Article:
Have you tried to change your NAT'd address to another in your netblock range. Maybe they blocked just the IP and not the whole range.
    If you mean the public IP, I havenīt change it, and it would be kinda too disruptive only to find out the problem is at netblock level.
    If you mean the internal IP, I have made tests from several systemas in the LAN and they all fail in the same manner.

    it had something to do with the DNS name resolving to a different IP or the IP resolving to a different name and the server rejecting the connection since their was no valid A/MX record.
    We (two ISPs, online tools and me) canīt detect any obvious mis-configurations about DNS, rDNS, etc.
    Both ends seem to be resolving fine.

    TIA.

  5. #5
    Just Another Geek
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    Quote Originally Posted by siko9
    If I read this correctly, I get nothing after the third packet, wich should be the server´s response. I DO get a response on packet 4 sniffing from an external location.
    I did this from a work station, I would like to avoid messing (even more) with the mailserver because of this.
    Sniff the traffic at company-A's Internet connection, preferably before and after the firewall.. You need to see the TCP three-way handshake:

    A ------SYN-----> B
    A <--SYN/ACK-- B
    A ------ACK-----> B

    Basic TCP/IP stuff.. Forget about DNS etc.. Start troubleshooting the basics. If this works, it means you're able to make a connection and nothing is blocking the traffic at the IP level.
    Last edited by SirDice; October 18th, 2006 at 06:46 PM.
    Oliver's Law:
    Experience is something you don't get until just after you need it.

  6. #6
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    OK, I agree that this is at a more basic level

    This is what I got and tried to describe before:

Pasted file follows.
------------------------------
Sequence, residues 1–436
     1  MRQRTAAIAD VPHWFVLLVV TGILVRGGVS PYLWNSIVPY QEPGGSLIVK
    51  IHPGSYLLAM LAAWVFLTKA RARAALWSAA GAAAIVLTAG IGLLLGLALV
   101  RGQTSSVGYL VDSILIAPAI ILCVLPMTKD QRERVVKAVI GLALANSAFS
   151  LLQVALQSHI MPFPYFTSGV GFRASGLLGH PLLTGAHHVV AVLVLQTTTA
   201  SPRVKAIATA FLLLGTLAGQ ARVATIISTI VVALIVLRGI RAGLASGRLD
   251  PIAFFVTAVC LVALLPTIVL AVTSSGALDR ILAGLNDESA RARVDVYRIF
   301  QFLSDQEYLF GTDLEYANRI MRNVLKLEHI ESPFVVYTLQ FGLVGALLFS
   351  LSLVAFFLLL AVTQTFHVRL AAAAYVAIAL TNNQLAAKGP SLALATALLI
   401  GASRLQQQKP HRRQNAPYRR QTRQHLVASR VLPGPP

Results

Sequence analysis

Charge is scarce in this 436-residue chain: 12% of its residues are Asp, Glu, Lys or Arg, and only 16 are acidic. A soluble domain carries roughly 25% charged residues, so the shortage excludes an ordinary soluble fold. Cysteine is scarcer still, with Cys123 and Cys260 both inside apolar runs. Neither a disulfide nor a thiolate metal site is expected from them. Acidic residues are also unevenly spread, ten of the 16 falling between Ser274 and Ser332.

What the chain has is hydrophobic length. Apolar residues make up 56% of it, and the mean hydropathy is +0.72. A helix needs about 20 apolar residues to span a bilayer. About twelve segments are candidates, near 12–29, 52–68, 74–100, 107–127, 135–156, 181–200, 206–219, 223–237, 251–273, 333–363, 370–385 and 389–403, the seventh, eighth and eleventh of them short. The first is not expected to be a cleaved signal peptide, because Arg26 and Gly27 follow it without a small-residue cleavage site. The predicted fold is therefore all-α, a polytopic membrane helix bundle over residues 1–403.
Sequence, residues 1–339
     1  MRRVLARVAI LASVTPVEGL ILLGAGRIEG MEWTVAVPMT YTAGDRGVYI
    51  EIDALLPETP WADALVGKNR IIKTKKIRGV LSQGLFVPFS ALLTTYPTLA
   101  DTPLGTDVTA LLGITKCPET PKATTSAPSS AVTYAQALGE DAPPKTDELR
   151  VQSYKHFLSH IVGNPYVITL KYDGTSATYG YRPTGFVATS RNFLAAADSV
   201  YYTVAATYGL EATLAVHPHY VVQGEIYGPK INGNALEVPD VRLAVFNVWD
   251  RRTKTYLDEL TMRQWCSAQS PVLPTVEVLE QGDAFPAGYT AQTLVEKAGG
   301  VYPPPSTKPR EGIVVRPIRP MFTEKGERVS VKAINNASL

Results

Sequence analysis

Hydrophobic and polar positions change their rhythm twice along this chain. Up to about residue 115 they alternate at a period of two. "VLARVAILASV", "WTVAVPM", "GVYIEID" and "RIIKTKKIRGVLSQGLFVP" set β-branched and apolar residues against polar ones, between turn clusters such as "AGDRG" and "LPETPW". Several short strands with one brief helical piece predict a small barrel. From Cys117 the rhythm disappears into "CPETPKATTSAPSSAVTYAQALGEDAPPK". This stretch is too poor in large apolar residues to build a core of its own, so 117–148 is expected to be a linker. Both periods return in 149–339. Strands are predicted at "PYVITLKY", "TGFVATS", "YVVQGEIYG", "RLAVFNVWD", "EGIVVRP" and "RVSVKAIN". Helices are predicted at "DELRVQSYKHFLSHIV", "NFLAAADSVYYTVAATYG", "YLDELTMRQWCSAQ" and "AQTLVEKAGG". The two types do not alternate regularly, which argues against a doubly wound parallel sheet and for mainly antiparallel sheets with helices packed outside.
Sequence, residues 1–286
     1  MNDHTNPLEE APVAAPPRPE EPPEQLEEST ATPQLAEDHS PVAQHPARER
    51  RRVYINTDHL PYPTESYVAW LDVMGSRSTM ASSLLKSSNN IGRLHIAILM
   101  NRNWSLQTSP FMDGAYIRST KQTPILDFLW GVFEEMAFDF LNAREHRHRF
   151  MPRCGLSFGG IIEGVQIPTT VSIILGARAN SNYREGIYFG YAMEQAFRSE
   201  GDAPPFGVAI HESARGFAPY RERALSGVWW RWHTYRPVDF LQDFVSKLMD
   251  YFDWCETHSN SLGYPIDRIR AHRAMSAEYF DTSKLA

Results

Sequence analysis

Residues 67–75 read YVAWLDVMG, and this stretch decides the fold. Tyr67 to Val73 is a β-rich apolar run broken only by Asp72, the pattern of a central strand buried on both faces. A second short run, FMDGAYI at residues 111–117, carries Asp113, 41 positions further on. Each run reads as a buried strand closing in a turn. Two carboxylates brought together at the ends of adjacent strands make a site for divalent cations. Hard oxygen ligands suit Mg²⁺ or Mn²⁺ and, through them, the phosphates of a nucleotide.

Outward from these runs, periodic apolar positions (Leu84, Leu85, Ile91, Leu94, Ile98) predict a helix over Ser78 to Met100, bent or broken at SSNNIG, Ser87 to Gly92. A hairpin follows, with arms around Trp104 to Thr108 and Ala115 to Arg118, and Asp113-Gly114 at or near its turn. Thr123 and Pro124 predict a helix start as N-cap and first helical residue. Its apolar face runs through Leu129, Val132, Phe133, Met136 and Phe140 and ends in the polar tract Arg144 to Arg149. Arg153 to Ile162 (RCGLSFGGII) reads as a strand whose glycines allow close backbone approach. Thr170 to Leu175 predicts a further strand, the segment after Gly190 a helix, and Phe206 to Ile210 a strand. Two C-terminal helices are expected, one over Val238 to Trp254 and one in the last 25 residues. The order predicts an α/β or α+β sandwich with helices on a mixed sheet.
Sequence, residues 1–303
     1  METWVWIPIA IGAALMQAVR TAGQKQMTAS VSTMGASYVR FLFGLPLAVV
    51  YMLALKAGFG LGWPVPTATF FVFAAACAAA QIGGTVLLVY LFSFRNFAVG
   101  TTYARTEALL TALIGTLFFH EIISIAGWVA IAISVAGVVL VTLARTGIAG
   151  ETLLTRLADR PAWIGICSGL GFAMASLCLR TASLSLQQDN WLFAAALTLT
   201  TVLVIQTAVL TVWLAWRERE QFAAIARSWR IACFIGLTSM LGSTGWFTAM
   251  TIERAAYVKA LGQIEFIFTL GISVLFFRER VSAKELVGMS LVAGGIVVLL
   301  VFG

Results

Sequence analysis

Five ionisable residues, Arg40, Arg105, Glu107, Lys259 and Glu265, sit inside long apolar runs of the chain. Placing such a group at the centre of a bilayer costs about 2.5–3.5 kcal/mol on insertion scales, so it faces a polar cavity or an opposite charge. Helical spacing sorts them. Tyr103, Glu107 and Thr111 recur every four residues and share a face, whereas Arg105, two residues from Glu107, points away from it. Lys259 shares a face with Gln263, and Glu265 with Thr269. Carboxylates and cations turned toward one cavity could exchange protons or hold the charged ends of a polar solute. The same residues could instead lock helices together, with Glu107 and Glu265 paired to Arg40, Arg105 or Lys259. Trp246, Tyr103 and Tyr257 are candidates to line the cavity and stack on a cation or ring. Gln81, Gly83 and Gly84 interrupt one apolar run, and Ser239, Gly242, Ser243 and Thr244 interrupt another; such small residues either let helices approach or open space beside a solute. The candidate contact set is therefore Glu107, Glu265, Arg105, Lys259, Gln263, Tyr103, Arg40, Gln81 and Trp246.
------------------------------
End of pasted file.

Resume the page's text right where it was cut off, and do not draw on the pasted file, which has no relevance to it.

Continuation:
There are only 3 packets being transmitted, after that, the connection usually stays there forever.
    In this case I waited 7 minutes before starting to press Ctl+C to cancel it. Those are packets 4 to 10.
    Failure:
    [img=http://img505.imageshack.us/img505/6531/connectionfailuregp9.th.jpg]


    This is what I get telneting from a 2rd party location.
    Packet 4 has the expected prompt from the server. I ended the connection in this case, but the exchange is properly captured if I go on.

    Success (external)
    [img=http://img519.imageshack.us/img519/2917/connectionokyb6.th.jpg]

  7. #7
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    Have you tried doing a trace route from the host that isnt able to get to the mail server?

    Just type "tracert <mail server IP> in your windows command prompt.

    Compare this with a trace from a host that is able to access the server. This should tell you where your packets are getting dropped.

  8. #8
    Just Another Geek
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    Siko9, download and install wireshark. Use that to sniff the traffic. It'll show all the packets in detail..
    Oliver's Law:
    Experience is something you don't get until just after you need it.

  9. #9
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    I would say results are similar, from the troubled point (Company-A) I get the 3 way handshake and then nothing, it stalls there and no other packet seems to be passed between them.

    OTOH, from an external location the communication carries on as expected.


    Now, the traceroute is showing something curious.

    I ran a few from Comp-A, home, and some online sites.
    * A couple of traces are ending-up in 200.69.129.146
    * A couple in 209.99.224.205
    * And Comp-A is getting beyond 209.99.224.205 :
    5 3 ms 3 ms 4 ms 209.99.224.205
    6 4 ms 3 ms 4 ms 10.40.11.11
    7 7 ms 7 ms 6 ms 10.40.70.1
    8 5 ms 5 ms 5 ms 10.40.5.129


    PS: ISP-B mailserver(s) should be 209.99.224.5 and/or 209.99.224.6

    Thanks for the help so far

  10. #10
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    OK, FWIW,

    I changed the DNS server used in Comp-A workstation (from Comp-Aīs ISP) for the ones of a different provider and the tracerouteīs results are the same.

    I did that on-the-fly, no rebooting, cause I am doing that remotely and canīt risk loosing acces to taht terminal. It still seems valid though, since name resolution didnīt work with the "alternative" DNS.

    Regards.